NNPC spends N535.9 billion on subsidy, FAAC in Q1 2020, Actress Kelly Preston dies at age 57
By Guardian Nigeria
13 July 2020 | 8:35 pm
Here is why you should pick up a copy of The Guardian on Tuesday. Find these stories and much more when you grab a copy of The Guardian on the newsstands on Tuesday
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The $5.4 billion set for disbursement brings the total lent to the Latin American country under the Extended Fund Facility to $28.9 billion. Argentina is the target of the IMF's largest assistance program.
Tanzanian traders doing business in Kenya have raised concerns that the weekly demonstrations by the opposition are negatively affecting their business. Kenya is the main destination for Tanzania's corn exports.
Disgraced South African Paralympic sprinter Oscar Pistorius was denied parole on Friday, according to local authorities who said he has yet to complete his minimum sentence. Reeva Steenkamp was shot and killed in the home of star Olympian Oscar Pistorius on Thursday, February 14, 2013.
South Africa's central bank raised its main lending rate by a higher-than-expected 50 basis points to 7.75% in a decision announced on Thursday.
Disney CEO Bob Iger has criticised Florida governor and Republican presidential hopeful Ron DeSantis as being "anti-business" and "anti-Florida". The comments are part of an ongoing feud between the entertainment giant and DeSantis that started when Disney voiced its opposition to a state law banning education on LGBT issues in schools.
Gunmen in Nigeria's northern Kaduna state kidnapped eight secondary school students coming from school along with an unknown number of others, authorities said on Tuesday, the latest in a wave of such abductions.
The first cheetah cubs to be born in India in over 70 years mark an important milestone. But wildlife specialists are worried the ambitious transcontinental conservation project can't ensure the cheetahs' longevity.
Judith Akinwunmi had her kids through a surrogate mother and decided to start an agency helping people who struggle with infertility. She would like to see a surrogacy law in Nigeria.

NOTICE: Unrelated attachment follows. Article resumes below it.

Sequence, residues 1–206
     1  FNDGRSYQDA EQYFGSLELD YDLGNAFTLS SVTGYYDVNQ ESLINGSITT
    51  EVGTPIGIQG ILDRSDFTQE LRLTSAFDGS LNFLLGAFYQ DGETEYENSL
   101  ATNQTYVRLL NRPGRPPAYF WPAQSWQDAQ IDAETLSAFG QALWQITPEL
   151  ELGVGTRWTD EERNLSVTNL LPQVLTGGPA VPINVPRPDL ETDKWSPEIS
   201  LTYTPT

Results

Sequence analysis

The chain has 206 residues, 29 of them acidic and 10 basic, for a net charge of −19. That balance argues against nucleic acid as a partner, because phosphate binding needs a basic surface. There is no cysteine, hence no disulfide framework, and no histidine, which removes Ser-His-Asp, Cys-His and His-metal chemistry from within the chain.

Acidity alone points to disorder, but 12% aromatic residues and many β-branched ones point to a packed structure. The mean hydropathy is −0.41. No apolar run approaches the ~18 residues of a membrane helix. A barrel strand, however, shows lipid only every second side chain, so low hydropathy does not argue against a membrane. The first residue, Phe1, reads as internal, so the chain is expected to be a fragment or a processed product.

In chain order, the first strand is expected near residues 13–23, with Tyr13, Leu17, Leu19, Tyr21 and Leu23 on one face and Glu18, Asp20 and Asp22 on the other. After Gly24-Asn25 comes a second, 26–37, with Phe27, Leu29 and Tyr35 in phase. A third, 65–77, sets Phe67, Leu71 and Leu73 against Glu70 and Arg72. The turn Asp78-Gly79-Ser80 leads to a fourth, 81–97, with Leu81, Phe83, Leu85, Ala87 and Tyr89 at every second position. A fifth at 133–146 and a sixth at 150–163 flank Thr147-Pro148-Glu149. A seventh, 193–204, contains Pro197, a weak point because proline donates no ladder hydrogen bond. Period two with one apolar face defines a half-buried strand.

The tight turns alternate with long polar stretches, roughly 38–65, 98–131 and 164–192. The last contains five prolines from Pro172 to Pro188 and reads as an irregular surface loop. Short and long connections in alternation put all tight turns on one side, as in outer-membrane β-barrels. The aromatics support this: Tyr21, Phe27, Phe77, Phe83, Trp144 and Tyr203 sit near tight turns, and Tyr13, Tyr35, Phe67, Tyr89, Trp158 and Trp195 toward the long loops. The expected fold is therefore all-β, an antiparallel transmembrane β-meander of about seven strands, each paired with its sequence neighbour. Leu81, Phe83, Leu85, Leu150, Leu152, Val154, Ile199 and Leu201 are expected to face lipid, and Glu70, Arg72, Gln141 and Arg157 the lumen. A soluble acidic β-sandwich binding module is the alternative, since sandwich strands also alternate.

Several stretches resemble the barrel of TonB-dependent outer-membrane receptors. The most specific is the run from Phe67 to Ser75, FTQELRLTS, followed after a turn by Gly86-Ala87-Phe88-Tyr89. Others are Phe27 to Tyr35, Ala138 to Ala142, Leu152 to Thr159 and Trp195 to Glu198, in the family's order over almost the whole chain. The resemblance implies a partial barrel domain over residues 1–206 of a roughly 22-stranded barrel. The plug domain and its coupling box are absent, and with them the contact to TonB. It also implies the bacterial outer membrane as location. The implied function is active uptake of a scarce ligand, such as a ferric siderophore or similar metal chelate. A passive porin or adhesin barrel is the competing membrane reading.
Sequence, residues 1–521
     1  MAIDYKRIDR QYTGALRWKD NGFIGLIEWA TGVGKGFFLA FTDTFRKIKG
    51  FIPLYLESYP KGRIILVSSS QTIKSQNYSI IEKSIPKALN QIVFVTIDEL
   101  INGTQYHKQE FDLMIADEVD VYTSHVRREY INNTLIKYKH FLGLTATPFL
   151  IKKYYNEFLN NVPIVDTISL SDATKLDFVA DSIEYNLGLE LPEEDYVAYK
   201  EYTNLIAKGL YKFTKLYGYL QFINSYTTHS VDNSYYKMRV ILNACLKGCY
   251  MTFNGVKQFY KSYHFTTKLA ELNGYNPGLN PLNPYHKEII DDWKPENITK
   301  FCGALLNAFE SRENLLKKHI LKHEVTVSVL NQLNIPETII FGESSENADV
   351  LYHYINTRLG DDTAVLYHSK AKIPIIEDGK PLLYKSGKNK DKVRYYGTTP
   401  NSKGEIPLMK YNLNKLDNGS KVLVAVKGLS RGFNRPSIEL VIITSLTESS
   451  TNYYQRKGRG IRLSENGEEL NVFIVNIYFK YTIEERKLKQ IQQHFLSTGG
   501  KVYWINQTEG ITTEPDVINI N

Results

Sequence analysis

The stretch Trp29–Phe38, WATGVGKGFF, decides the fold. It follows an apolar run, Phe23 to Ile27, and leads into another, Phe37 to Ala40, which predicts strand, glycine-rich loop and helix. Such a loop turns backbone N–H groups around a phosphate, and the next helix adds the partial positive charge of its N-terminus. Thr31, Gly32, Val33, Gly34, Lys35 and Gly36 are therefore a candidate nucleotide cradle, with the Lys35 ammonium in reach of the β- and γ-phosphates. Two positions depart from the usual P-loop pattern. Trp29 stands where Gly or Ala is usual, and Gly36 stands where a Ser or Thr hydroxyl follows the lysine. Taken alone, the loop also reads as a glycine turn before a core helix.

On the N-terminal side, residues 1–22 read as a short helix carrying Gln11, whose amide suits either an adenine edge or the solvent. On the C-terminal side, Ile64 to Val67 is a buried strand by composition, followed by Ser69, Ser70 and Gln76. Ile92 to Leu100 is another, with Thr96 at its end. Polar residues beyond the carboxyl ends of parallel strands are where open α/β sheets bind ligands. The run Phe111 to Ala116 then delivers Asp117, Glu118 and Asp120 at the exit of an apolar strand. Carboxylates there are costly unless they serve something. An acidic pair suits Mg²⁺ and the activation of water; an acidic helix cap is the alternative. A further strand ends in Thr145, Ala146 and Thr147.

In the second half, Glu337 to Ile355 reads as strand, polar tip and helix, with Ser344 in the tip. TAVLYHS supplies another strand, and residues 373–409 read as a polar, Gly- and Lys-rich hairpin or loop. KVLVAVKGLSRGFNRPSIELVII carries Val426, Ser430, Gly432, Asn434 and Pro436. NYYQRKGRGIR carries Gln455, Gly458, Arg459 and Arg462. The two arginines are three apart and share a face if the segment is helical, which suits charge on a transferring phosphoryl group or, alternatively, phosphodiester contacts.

South Africa rolls back a state of disaster over a national power crisis, even though rolling blackouts are still crippling the country's economy. Also, the WTO says goods exports are declining in Africa even though the continent has absorbed the shocks from Covid and the war in Ukraine better than expected. Finally, we report on how Tunisia takes pride in its varied use of orange blossom.
Pressure is mounting on South Africa to arrest Russian President Vladimir Putin if he sets foot in Durban later this year. However, due to Pretoria's close ties with Moscow, surrendering Putin to the International Criminal Court remains highly unlikely. Legal experts are now speculating that South Africa may withdraw from the Rome Statute to avoid legal, political and diplomatic challenges.
Large anti-government protests have rocked Africa during the last few weeks. DW looks at what's driving Africans to take to the streets across the continent?
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Find these stories and much more when you grab a copy of The Guardian on Wednesday.
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Just one game is enough to change your fortunes in football, The Flying Eagles' 2-0 loss at the hands of Five-time winners FIFA U-20 World Cup winners Brazil is proof of that. Defeating hosts Argentina who have been in formidable form will be a tall order for Ladan Bosso's side and today, Ayomide Sotubo previews the game for The Nutmeg on Guardian TV.
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Since Turkish president Recep Tayyip Erdogan’s reelection on Sunday, videos purporting to show Muslims celebrating his victory at Al Aqsa Mosque in Jerusalem have been widely shared by Turkish media outlets online. So has a video showing people calling for Erdogan’s opponent, Kemal Kılıçdaroğlu to resign, outside the headquarters of his party. The videos themselves are not fake, but have been taken out of context, as we explain in this edition of Truth or Fake.
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As Sudan's warring generals make and break ceasefire agreements, tens of thousands of people continue to flee the country. People from the violence-stricken Darfur region in particular seek help — and hope — in Chad.
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Bangladesh is scheduled to hold general elections by January 2024 and the US says it wants them to be free of electoral manipulation and misconduct.
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Japan's prime minister hired his own son as his executive secretary late last year. Now he's forcing him to resign, after photos appeared of the of the 32-year-old partying in the official residence.